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Archive for Thursday, March 17, 2005

Clean shot

Prosoco products to brighten exterior of 50-year-building

March 17, 2005

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The billions of microbial algaes, lichens and molds clogging the pores of Allen Fieldhouse's limestone exterior must feel a little bit like Kansas State Wildcats right about now.

The visitors don't stand a chance.

Black and brown grime that has built up throughout the fieldhouse's 50 years as a hoops hotbed is about to be eaten away by the environmentally gentle-yet-effective cleaning products produced by a Lawrence company.

And it won't come a moment too soon.

"Ever since I was a student at KU, I've been aware of how important that building is -- to me and every other Jayhawk fan," said David Boyer, president of Prosoco Inc., based in the East Hills Business Park. "So I'm excited to have one of my family's products play such an important part in putting a good face back on Allen Fieldhouse.

"You couldn't ask for a better time to get started than March Madness and the 50th anniversary of the fieldhouse's construction."

The cleaning project -- a complete scrubbing, power-washing and sealing of the building's prominent limestone exterior -- is scheduled to begin next week.

Handling the $165,000 contract is Western Waterproofing, of Kansas City, Mo., using one of Prosoco's signature products: Enviro Klean BioKlean.

Three-month season

A test panel at the northwest corner of Allen Fieldhouse shows the
effects of using Prosoco Inc.'s products. The Lawrence-based
company's cleaning solution will be used as part of a $165,000
exterior cleaning project expected to begin next week.

A test panel at the northwest corner of Allen Fieldhouse shows the effects of using Prosoco Inc.'s products. The Lawrence-based company's cleaning solution will be used as part of a $165,000 exterior cleaning project expected to begin next week.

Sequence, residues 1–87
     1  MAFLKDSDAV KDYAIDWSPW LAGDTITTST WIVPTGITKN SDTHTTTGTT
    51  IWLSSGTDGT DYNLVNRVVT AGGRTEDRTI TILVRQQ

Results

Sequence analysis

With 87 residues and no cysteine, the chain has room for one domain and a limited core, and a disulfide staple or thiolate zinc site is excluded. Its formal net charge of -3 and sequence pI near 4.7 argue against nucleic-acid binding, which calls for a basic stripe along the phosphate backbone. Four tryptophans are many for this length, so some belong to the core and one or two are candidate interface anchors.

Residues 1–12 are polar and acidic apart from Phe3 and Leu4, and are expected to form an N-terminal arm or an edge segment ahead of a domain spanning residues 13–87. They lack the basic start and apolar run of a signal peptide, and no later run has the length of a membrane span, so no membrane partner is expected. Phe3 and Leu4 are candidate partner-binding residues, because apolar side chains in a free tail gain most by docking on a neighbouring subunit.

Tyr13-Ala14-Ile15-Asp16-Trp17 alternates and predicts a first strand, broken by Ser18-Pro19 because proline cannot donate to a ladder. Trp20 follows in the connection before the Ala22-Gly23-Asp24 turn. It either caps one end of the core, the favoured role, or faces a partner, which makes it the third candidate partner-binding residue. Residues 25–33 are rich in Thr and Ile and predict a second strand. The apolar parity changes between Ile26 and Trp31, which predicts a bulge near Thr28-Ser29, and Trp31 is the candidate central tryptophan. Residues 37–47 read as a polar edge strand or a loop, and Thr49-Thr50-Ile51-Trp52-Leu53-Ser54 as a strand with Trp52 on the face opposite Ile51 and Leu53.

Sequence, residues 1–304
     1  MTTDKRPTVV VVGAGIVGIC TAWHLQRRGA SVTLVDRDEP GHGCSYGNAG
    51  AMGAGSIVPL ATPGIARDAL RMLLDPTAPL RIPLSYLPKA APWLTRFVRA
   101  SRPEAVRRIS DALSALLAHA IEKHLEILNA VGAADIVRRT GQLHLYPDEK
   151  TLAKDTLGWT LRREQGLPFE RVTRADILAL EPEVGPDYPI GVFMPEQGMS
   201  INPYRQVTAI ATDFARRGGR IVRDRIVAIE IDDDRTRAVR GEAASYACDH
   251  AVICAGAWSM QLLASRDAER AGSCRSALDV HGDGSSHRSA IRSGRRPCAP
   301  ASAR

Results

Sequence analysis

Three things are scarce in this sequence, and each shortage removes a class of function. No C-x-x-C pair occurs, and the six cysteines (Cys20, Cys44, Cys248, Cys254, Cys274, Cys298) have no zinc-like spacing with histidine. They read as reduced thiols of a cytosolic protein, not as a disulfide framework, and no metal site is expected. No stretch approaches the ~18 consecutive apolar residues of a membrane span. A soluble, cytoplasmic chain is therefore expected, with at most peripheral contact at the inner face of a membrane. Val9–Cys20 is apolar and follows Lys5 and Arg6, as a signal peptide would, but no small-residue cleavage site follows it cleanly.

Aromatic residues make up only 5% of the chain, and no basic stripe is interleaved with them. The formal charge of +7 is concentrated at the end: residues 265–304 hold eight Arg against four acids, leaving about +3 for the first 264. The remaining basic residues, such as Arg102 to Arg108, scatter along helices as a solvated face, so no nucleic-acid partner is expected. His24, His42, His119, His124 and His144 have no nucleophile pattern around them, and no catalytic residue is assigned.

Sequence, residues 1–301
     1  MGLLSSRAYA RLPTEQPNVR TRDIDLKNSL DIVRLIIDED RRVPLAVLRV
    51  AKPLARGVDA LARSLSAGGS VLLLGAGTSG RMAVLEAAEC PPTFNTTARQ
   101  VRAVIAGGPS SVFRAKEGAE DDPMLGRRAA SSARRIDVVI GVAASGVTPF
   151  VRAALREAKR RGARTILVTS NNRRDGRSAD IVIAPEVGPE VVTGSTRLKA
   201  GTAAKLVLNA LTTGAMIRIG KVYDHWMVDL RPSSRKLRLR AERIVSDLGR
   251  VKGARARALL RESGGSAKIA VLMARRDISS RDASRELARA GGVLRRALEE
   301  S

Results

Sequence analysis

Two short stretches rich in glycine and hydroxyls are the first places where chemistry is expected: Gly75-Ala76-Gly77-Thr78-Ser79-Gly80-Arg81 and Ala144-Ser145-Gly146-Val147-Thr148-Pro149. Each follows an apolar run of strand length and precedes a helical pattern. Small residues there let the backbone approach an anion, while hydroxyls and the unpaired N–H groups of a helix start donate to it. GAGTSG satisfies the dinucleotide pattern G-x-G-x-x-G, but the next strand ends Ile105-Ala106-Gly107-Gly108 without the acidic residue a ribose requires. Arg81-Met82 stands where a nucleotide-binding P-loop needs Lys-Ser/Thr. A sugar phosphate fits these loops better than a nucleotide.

John Burger, a department manager for Western Waterproofing, said the job would require 700 gallons of the cleaning solution, which combines light detergent with a product that acts like hydrogen peroxide on a fresh scrape.

"It kind of boils," Burger said.

Burger's four-member crew plans to start putting up scaffolding next week, the beginning of a three-month job. Provided temperatures stay above 40 degrees and it doesn't rain, the workers will go about their business: spraying on cleaner, scrubbing it in and waiting for 20 minutes or so before rinsing it off with high-pressure water fired at 3,500 pounds per square inch.

Gone will be the blackish coating that has marred the building's exterior for years, he said. Even the familiar yellowish hue of the stone -- caused by rust from iron oxide inside the rock -- will be rinsed away, leaving the place with a look similar to its grand opening in 1955.

"It will be almost breathtaking," said Burger, who has worked on other cleaning products for the Kansas University Athletics Department, including Memorial Stadium. "Once we get done, people won't remember how dirty it was. It's going to look like a brand-new building, only the kind they don't build anymore."

The process also will include application of a protective treatment, designed to keep moisture from seeping back into the stone -- a move intended to keep mold and, to some extent, rust from returning for at least seven years.

A handful of test applications conducted earlier this week, including one next to plants at the northwest corner of the fieldhouse, convinced KU officials that they had the right contractor, and products, on the job.

"We're getting rid of 50 years of grunge and soil and mold," said Mark Reiske, KU's associate director of design and construction management. "It looks pretty darn white."

Prominent jobs

Prosoco, with about 80 employees working at the headquarters, has a long history in the cleaning business. In 1939, Al Boyer founded Process Solvent Co., later abbreviated to Prosoco, in the garage of his Kansas City-area used car dealership.

Its products have been used to clean stone, brick and other materials at the U.S. Capitol, Empire State Building, Grand Central Station and Carnegie Hall. A makeshift solution even cleansed King Kong's blood -- Karo syrup and red food coloring -- from terra cotta at the World Trade Center, after filming of the 1976 movie remake.

The fieldhouse job soon will join the other prominent structures with a Prosoco clean.

"It's cool," said Mike Dickey, a Prosoco representative who works for Frieze & Associates in Lenexa. "We've been entrusted with a lot of important buildings, and this is one of the big ones."

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